By Katie Griffiths, Young People's Programme Assistant at the British Science Association
"Has the public engagement project stalled?" This was the question Professor Lisa Jardine asked in her Presidential Address as the British Science Festival drew to a close last week. Over the past decade, public interest and enthusiasm about science has increased hugely, so why do we appear to have hit a wall when it comes to public engagement in science policy?
Professor Jardine started by dismissing the 'deficit model' of science communication, in which the public at large are considered to be 'empty vessels', who need filling with science knowledge, as a fallacy. The public at large, Professor Jardine asserted, will comfortably and confidently engage with scientific subjects if and when they impact strongly on their own lives. As an example, she pointed out how people with little to no scientific education are able to gain huge amounts of technical knowledge about their own biology and biochemistry when they become ill with diseases like cancer.
Clearly clinicians have learnt the value of the informed conversation, and now Professor Jardine is calling for politicians and policy makers to learn the same. She described how current Government policy considers evidence behind closed doors, and then delivers the results of these consultations to the public 'cold'. Any public consultations are at best a gesture to involving the public at large in decisions, because policy makers believe it is not worth their while equipping the public with the knowledge that they need to get involved. This is the reason, Professor Jardine believes that some topics become polarised, making meaningful conversations post-decision impossible.
Professor Jardine used the recent controversial topic of fracking to illustrate her point: she suggests that if the public had been provided with full and open access to the research and evidence-based recommendations of the committee before the Government took their decision, the response may have been different. As it was, the decision was sprung upon the public without any background information or evidence, and opinions inevitably became polarised, making further discussion challenging.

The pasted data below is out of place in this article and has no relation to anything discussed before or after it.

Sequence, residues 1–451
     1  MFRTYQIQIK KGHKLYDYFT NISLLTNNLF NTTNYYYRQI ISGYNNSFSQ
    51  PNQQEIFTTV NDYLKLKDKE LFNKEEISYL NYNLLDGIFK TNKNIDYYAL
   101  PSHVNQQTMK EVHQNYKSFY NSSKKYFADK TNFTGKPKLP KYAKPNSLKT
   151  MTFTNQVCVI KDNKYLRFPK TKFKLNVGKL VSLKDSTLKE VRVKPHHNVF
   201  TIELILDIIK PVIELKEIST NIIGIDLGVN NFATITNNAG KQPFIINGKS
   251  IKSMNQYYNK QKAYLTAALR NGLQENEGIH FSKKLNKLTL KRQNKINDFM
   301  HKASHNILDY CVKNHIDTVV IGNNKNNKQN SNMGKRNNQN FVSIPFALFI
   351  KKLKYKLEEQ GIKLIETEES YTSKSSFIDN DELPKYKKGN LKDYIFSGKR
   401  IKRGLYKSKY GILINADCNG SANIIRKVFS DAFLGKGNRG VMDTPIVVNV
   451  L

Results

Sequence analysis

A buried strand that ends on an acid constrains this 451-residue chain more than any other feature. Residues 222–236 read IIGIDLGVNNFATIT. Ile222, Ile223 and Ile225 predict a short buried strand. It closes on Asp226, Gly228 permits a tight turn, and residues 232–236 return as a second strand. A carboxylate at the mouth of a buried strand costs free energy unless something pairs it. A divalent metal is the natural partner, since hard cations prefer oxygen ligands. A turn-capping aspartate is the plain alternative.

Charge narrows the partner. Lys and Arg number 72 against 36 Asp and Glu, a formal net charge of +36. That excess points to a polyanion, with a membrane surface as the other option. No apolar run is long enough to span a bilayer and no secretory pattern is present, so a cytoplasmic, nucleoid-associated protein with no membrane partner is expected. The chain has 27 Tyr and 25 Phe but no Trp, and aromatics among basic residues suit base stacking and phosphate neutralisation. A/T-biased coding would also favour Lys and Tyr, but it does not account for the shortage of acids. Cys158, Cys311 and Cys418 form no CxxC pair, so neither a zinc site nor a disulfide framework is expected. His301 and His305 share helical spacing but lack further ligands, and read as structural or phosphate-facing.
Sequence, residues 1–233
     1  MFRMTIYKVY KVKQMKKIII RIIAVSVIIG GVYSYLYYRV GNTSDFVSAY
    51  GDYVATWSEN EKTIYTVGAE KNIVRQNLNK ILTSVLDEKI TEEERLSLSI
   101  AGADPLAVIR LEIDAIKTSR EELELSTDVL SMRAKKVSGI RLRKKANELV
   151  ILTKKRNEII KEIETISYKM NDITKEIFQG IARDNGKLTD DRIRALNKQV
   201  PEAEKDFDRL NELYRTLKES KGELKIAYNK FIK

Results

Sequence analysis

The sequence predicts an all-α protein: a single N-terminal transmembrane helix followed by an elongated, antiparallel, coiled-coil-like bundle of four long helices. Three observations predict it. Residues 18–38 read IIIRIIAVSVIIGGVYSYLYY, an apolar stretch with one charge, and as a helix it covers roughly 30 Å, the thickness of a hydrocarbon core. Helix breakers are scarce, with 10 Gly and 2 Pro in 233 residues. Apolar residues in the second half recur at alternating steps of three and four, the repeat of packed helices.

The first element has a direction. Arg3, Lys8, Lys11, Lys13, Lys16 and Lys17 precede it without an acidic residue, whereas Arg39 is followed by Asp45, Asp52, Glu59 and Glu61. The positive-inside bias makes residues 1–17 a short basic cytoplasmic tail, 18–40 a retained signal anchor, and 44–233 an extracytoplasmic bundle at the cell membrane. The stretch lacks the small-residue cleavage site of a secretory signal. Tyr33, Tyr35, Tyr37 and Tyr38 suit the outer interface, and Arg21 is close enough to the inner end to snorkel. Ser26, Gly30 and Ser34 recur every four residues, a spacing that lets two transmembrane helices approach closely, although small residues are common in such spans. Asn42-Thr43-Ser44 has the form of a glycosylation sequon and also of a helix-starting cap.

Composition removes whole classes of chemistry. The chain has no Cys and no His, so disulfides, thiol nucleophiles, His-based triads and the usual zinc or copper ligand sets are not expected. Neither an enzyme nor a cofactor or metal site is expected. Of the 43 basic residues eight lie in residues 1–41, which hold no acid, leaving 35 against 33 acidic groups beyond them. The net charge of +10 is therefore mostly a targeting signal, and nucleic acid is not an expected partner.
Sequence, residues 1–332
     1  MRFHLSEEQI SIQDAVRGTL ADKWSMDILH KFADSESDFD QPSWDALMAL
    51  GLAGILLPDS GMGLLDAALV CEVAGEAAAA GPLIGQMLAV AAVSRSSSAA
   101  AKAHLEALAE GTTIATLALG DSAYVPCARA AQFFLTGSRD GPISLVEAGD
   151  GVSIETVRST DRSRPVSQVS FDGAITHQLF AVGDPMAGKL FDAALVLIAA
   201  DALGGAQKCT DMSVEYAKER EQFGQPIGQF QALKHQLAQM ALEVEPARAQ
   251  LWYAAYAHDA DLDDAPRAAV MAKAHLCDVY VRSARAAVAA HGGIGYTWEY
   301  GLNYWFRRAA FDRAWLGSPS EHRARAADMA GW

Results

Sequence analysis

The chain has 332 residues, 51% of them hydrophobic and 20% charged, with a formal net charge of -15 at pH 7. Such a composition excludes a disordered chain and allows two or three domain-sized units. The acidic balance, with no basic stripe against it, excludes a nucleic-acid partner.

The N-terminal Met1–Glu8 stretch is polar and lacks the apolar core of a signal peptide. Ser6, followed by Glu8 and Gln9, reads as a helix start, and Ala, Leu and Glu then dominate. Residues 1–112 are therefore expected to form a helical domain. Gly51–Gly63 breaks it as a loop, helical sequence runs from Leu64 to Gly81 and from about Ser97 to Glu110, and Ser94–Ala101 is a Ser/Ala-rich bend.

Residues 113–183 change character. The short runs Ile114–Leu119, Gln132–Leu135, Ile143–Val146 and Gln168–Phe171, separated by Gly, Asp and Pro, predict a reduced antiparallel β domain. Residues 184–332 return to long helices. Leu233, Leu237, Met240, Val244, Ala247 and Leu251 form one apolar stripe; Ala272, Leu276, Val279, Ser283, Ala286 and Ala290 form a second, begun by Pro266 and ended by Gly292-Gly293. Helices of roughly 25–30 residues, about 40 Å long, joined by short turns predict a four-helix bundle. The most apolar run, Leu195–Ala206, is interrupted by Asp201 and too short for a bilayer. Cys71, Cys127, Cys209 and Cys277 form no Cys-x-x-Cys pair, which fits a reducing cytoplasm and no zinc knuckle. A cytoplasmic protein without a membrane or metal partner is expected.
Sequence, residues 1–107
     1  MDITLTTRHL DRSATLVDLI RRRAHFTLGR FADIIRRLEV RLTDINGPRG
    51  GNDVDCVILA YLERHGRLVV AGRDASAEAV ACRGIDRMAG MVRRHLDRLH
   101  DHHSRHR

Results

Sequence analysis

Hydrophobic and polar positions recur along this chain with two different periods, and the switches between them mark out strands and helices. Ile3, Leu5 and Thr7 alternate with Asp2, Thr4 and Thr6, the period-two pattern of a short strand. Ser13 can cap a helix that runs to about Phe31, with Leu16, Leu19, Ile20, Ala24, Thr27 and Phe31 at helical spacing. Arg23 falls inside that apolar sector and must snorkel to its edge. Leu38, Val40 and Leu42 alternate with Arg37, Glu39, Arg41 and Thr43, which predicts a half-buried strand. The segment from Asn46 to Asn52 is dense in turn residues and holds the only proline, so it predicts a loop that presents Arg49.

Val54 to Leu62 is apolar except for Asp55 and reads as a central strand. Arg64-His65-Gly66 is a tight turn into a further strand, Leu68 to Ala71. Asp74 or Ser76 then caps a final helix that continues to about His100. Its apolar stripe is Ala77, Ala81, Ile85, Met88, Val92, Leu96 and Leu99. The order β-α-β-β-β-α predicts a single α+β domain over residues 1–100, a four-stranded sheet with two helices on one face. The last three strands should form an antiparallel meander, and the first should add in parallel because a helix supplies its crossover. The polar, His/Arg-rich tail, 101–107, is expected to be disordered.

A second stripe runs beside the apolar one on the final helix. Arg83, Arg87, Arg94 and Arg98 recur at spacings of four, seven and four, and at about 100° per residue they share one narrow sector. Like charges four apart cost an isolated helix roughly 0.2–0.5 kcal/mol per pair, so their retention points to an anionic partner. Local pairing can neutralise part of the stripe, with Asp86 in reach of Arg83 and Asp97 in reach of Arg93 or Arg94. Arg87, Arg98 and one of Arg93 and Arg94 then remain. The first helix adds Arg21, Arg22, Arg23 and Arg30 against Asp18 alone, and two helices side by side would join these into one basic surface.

So what if the public at large were to participate in decision making at an earlier stage? Would lay people be able to keep up with the science and understand the implications of the evidence? Professor Jardine says yes, and cites examples of consultations carried out by the HFEA to back-up this assertion. However, policy makers need to be realistic, she says, and put in place longer time frames to allow for genuine informed conversation with the public.
Professor Jardine ended her lecture by telling the British Science Festival that the public at large have a responsibility to engage with science. It is not good enough, she says, for us to shrug our shoulders and say that the big issues are beyond our comprehension. Advances in science come hand-in-hand with ethical and moral questions that scientists should not be left to answer alone. We, as the public, have a collective responsibility to remain in conversation with scientists, and to ensure that the decisions we take as a society are the right ones so that one day, when history looks back on the paths we chose, it looks favourably on our decisions.